|dc.description.abstract||The study, which was carried out at the Poultry Research Centre, at Massey
University. was concerned with the behavioural development of the domestic
chicken, and more specifically with the quantitative changes taking place in
specific categories of behaviour from hatching to approximately two months after
hatching. Observations for the study were carried out under laboratory conditions
rather than in the field, for the following reasons.
(i) some control of environmental variables could be achieved in the laboratory
which could not be attained under field conditions.
(ii) that the chicks could be kept in view to permit a detailed surveillance of
their movements to be made for the duration of each observation period.
This was necessary for a full quantification of the observations to be
obtained, and for the data to be of use in statistical analyses.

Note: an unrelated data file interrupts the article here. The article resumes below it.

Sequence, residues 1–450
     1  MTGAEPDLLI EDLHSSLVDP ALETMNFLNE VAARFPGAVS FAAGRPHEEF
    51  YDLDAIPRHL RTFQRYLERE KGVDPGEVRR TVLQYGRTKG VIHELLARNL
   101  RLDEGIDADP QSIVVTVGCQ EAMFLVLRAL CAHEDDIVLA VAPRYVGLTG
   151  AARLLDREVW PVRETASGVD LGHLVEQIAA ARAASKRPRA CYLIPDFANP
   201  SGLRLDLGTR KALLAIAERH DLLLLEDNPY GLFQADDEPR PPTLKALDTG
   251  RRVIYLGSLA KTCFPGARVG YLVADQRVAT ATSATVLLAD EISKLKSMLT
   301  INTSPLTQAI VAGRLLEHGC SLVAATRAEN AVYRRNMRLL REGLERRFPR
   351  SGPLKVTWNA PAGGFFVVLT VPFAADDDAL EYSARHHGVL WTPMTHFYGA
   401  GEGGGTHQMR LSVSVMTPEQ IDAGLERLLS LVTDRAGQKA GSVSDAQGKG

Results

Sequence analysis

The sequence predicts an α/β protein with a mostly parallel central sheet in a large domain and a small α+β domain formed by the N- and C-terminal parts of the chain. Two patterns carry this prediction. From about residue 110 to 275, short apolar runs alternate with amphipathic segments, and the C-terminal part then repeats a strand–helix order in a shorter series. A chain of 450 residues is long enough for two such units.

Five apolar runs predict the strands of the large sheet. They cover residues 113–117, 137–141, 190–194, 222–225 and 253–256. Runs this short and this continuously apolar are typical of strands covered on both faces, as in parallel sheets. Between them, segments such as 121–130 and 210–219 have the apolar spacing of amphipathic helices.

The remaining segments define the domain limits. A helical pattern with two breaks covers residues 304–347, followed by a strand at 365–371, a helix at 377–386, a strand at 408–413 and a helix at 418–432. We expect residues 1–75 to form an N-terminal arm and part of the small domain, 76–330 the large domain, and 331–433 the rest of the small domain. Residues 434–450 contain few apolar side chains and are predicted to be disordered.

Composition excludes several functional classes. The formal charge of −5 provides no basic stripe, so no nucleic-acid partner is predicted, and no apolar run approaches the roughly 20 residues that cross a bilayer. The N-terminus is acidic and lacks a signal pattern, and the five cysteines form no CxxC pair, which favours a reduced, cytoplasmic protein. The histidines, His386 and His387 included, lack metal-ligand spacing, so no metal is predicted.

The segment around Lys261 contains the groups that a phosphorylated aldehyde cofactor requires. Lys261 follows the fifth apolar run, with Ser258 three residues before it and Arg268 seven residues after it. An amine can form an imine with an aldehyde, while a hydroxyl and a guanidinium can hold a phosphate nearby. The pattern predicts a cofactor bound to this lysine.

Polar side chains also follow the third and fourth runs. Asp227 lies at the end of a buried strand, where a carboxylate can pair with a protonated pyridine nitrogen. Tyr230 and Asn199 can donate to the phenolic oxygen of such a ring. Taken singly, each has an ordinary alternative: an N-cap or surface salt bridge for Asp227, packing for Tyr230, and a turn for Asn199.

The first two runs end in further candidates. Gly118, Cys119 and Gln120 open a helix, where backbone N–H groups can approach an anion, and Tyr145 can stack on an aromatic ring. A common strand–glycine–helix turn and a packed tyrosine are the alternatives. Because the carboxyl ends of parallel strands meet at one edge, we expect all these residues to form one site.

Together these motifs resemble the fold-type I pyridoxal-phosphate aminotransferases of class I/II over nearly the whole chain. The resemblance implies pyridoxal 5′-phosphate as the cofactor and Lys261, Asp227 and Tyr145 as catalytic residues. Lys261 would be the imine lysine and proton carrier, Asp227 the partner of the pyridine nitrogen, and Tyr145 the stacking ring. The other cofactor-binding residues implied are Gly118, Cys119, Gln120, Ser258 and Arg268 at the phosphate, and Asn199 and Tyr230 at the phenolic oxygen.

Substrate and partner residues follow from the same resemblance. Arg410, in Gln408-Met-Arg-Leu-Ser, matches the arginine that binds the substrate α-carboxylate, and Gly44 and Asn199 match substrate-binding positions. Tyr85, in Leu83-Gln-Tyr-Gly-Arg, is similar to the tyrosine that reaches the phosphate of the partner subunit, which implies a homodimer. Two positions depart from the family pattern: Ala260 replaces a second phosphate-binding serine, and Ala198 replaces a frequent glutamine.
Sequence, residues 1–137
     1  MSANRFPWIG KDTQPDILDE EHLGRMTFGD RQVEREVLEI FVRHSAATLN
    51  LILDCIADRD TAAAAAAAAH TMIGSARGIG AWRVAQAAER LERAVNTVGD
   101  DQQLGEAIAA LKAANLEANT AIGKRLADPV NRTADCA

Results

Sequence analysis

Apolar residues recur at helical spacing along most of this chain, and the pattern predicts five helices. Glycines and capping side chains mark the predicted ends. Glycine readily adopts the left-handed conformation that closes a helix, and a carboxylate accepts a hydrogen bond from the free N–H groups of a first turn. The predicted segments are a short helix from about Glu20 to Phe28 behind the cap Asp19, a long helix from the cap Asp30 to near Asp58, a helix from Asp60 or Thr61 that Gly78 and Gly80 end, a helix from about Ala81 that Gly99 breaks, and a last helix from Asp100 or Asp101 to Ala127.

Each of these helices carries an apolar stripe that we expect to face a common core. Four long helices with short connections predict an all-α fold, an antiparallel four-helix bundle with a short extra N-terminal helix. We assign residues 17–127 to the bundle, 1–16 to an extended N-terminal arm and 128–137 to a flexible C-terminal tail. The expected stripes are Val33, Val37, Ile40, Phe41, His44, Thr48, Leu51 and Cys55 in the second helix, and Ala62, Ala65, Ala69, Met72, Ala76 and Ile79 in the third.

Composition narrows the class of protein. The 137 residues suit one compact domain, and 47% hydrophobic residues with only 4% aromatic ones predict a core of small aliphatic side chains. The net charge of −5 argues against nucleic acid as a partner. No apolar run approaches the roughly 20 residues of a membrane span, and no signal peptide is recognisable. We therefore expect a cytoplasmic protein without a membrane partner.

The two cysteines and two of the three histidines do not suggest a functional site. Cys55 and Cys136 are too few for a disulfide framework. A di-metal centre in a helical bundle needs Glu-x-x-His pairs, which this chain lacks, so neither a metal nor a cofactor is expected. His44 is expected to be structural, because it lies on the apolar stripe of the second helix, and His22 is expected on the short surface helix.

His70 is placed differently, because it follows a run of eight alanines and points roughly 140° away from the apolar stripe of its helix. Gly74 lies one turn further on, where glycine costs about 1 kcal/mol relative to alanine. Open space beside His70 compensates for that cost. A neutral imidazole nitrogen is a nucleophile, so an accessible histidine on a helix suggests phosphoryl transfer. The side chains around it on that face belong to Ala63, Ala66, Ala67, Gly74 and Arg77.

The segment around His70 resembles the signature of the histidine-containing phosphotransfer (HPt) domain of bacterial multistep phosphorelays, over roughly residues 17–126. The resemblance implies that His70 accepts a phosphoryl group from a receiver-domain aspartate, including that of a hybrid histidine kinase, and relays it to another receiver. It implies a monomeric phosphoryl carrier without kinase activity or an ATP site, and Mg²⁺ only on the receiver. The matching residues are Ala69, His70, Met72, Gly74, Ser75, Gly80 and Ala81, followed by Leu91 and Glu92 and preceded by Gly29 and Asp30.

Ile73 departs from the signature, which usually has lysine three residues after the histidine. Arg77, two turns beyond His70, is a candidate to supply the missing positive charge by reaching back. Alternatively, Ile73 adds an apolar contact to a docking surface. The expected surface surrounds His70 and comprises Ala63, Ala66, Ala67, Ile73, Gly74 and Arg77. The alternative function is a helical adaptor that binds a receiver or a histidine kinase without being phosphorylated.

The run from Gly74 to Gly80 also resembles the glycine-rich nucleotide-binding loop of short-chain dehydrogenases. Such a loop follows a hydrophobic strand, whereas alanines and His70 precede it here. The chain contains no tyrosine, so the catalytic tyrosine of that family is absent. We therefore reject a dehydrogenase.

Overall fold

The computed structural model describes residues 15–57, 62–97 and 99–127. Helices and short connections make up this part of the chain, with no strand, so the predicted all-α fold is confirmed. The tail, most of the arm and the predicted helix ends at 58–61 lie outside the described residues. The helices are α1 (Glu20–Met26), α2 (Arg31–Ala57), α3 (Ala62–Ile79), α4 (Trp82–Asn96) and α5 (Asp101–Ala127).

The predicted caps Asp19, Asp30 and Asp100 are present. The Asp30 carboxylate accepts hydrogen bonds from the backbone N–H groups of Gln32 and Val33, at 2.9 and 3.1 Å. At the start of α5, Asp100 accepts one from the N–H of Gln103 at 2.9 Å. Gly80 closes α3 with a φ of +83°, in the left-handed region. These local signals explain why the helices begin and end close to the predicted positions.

(iii) that a set number of chickens could be observed from the beginning to the
end of each trial so that the data would be amenable to statistical
treatment. Under field conditions it is doubtful if these requirements
could have been met to the satisfaction of the observer. the nature of
the topic under study, quantitative techniques were essential, as was the
use of statistical tools to extract sufficient information from the raw
data to warrant the adoption of the quantitative approach.
Five separate trials were performed, using separate groups of newly-hatched
chicks for each trial, and taking into account the time required for cleaning and
disinfecting between trials, the total time taken for the observations and
experiments was approximately 12 months.
[From the Introduction]||en_US